There isn't just one best pie crust for berry pie. Learn the most popular types of pie crust and choose the one that best fits your pie needs.
When you want your berry pie to shine, start from the bottom up with the pie crust. A light, flaky crust is an ideal container for any luscious berry filling.
Many flaky pie crust recipes exist. Some have scrumptious flavors. Others are easier to work with. A few are better with a chilled no-bake berry pie.
What are the ingredients in a pie crust? The basic ingredients in a pie crust are flour, salt, fat, and water. Variations can include vinegar, cream cheese, sugar, or eggs.
The most important thing you can do for success with any baked pie crust is to keep everything chilled – the ingredients, tools, pie pan, and your hands.
This article will introduce you to several pie crusts that are amazing for berry pie. You will get a description of the crust, how easy it is to work with, and essential tips so you can achieve berry pie success.
Check out more dessert recipes.
All-Butter Pie Crust
A pie crust made with butter as the only fat is light, flaky, and crisp. Butter pie crusts are the most flavorful because, well, butter tastes better than other fats like shortening and lard.
However, to achieve that fantastic taste, you lose some flakiness that comes from pie crusts using fats that are 100% fat. For reference, butter is usually about 80 to 86% fat.
Butter also starts softening quickly when it comes out of the refrigerator. That means you must work quickly to make the pie dough. For this reason, some people find all-butter pie crusts more challenging to work with.
I love the flavor of butter pie crust and think everyone should use it with berry pie. However, the only way to achieve success is to keep everything cold and work quickly!
Here's a recipe for make blueberry pie with canned filling.
- Pastry flour is ideal, but all-purpose can be used too.
RELATED: Check out the best cookies for cheesecake crust. You will love the variety using different flavors of cookie will bring to your cheesecakes.
Cream Cheese Pie Crust
Cream cheese and butter compose the fat in this pie crust. Cream cheese crust is flaky, though not quite as flaky as the all-butter crust. It is also slightly soft and tender. And it browns beautifully.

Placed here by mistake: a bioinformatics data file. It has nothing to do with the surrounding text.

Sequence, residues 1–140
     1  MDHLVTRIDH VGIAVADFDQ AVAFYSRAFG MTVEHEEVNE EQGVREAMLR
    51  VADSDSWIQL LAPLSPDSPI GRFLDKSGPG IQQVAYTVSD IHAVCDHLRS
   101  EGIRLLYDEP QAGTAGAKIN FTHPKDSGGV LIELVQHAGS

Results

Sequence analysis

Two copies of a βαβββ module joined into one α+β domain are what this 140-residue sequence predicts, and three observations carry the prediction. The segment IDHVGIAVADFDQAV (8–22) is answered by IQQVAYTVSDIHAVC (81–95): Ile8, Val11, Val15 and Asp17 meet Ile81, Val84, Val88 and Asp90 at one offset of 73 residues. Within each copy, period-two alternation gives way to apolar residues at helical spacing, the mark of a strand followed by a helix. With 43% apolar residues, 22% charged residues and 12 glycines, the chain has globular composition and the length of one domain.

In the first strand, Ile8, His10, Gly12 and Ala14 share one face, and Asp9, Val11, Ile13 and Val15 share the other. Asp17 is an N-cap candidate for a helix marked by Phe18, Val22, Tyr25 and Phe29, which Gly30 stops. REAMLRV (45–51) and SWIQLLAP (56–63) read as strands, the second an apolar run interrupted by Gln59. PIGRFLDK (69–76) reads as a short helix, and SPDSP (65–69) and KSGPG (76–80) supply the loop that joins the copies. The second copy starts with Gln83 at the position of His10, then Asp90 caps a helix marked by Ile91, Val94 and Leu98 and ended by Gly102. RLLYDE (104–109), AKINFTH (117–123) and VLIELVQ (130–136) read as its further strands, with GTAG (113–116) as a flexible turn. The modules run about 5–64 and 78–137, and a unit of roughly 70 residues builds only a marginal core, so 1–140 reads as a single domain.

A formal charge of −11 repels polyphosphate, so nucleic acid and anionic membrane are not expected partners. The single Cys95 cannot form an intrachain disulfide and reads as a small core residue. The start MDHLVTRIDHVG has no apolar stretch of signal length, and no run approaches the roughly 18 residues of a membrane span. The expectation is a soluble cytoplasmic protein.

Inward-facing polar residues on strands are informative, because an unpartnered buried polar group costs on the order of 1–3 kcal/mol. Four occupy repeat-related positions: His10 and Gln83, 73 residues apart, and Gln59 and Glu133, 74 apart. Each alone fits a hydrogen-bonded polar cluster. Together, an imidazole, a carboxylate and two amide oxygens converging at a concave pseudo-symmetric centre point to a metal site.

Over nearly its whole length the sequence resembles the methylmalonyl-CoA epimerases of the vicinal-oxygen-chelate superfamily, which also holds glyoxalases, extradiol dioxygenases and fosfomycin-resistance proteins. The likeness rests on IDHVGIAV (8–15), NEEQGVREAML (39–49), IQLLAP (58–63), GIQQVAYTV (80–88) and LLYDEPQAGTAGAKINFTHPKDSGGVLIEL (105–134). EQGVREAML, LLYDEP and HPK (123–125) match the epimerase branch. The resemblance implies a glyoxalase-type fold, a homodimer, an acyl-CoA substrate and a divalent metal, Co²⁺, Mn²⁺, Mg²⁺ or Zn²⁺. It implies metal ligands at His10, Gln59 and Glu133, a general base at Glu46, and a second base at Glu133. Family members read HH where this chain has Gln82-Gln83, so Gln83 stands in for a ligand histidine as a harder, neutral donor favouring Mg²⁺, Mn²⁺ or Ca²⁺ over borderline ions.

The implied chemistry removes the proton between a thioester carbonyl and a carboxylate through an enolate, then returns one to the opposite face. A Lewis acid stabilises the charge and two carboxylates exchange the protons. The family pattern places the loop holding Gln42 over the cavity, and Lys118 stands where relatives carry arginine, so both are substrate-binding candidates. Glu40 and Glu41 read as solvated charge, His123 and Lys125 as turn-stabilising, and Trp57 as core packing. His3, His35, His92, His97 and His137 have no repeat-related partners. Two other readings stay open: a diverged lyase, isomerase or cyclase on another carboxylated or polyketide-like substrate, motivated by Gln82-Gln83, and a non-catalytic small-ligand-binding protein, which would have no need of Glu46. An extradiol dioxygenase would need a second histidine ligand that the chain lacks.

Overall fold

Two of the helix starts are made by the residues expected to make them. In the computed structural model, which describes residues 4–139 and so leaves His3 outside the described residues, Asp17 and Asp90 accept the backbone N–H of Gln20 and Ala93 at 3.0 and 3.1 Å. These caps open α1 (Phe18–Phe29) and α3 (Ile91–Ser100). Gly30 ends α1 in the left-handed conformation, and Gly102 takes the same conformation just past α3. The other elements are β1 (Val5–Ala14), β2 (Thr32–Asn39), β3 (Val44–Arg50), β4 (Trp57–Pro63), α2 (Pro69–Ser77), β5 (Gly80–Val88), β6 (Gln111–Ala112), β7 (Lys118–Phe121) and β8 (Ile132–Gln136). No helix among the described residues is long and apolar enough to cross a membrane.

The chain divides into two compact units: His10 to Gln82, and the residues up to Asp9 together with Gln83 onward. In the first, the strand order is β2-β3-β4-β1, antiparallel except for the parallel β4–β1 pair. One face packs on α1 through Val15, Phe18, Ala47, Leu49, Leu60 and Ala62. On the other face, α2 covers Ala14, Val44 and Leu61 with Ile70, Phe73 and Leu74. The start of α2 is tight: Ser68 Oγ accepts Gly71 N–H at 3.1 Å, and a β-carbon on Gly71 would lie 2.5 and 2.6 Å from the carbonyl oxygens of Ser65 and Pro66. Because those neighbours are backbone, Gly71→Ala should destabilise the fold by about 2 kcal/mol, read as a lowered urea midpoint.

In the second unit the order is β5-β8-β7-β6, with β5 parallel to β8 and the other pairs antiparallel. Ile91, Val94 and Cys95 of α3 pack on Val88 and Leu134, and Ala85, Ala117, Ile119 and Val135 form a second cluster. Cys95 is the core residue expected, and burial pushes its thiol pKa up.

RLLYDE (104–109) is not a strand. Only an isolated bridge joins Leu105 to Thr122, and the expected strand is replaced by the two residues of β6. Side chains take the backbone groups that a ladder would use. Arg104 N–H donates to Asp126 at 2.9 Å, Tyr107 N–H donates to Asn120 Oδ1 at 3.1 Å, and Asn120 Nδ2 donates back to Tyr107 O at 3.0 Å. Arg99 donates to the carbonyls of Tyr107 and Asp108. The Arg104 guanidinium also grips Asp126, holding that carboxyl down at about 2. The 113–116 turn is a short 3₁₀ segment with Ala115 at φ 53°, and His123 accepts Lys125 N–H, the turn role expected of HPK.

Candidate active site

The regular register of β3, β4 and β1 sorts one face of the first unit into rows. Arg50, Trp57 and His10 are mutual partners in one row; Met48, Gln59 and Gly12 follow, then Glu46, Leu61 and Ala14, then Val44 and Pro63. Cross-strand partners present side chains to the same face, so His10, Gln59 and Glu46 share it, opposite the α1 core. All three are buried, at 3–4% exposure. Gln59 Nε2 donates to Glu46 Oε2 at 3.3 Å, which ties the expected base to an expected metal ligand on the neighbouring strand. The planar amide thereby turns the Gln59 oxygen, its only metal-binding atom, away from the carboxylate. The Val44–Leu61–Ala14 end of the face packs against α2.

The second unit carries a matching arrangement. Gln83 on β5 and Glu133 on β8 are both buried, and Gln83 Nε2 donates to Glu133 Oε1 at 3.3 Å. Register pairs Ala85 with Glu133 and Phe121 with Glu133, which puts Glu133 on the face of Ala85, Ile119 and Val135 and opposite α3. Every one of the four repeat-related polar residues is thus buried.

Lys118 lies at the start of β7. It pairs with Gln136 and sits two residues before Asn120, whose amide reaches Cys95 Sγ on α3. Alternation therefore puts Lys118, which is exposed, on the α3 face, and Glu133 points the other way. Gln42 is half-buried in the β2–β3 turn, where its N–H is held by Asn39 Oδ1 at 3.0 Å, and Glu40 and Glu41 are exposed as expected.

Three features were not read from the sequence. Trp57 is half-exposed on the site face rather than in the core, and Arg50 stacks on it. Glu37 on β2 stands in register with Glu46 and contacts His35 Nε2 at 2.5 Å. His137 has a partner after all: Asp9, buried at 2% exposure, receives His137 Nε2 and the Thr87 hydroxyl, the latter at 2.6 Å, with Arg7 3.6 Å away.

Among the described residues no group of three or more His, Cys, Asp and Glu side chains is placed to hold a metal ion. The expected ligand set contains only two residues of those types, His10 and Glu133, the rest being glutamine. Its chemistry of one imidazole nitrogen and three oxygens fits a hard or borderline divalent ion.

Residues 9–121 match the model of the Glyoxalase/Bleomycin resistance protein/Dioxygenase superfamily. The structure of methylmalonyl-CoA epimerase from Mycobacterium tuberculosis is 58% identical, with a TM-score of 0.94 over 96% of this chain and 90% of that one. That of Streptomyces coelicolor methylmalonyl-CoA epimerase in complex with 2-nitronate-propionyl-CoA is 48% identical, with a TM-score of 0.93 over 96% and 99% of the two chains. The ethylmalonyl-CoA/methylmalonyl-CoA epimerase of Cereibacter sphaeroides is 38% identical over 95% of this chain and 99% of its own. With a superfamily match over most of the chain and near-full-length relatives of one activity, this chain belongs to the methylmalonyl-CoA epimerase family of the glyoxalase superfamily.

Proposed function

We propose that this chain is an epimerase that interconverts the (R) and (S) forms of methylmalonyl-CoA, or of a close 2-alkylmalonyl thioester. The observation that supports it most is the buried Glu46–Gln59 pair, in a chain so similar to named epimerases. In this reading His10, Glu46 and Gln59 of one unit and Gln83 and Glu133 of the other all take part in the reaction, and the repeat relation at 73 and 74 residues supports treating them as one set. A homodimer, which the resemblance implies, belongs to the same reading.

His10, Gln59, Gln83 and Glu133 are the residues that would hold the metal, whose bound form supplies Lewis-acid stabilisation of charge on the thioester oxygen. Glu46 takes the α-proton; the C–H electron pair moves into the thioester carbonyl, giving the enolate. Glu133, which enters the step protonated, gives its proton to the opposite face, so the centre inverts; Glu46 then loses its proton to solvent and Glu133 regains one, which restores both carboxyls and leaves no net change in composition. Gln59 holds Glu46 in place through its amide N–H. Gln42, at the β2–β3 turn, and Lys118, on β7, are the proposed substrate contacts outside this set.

Using cream cheese makes the pie dough much easier to work with. And the taste is incredible. If butter crust is the tastiest, cream cheese comes in a close second. You could eat the crust all by itself and be satisfied. Here's a recipe to try.
- Pastry flour ensures a tender crust, but all-purpose flour can be substituted.
RELATED: Read up on healthy substitutes for cream cheese. I don't recommend substituting it for pie crust. But you can swap it out for lots of other recipes.
Shortening Pie Crust
Shortening pie crust may be one of the easiest pie crusts to work with. The dough stays soft after refrigeration, making it easy to roll. It also holds its shape magnificently when baked. No need to worry about shrinking crust or destruction of your beautiful decorative border.
However, the flavor of a shortening crust does not compare to an all-butter pie crust. Shortening doesn’t have much flavor, so neither will the pie crust.
If you want to make a shortening pie crust, consider using butter-flavored shortening. Though it still doesn’t measure up to the taste of butter pie crust, it comes closer.
Another possibility is to use a combination of butter and shortening in your pie crust. Then you a better taste and an easier time working with the dough. Check out this recipe.
- Use all-purpose flour.
Lard Pie Crust
A lard pie crust might be the solution if you want a light, flaky, crispy crust.
Lard pie crusts brown slowly when baked. So when you have a berry pie that must be baked for a long time, use a lard pie crust. This ensures that the crust won’t burn during the long bake time.
The key to a superb lard pie crust is the lard's quality. Cheap-o lard yields less than ideal results. Be sure to chill the lard before making the pie crust.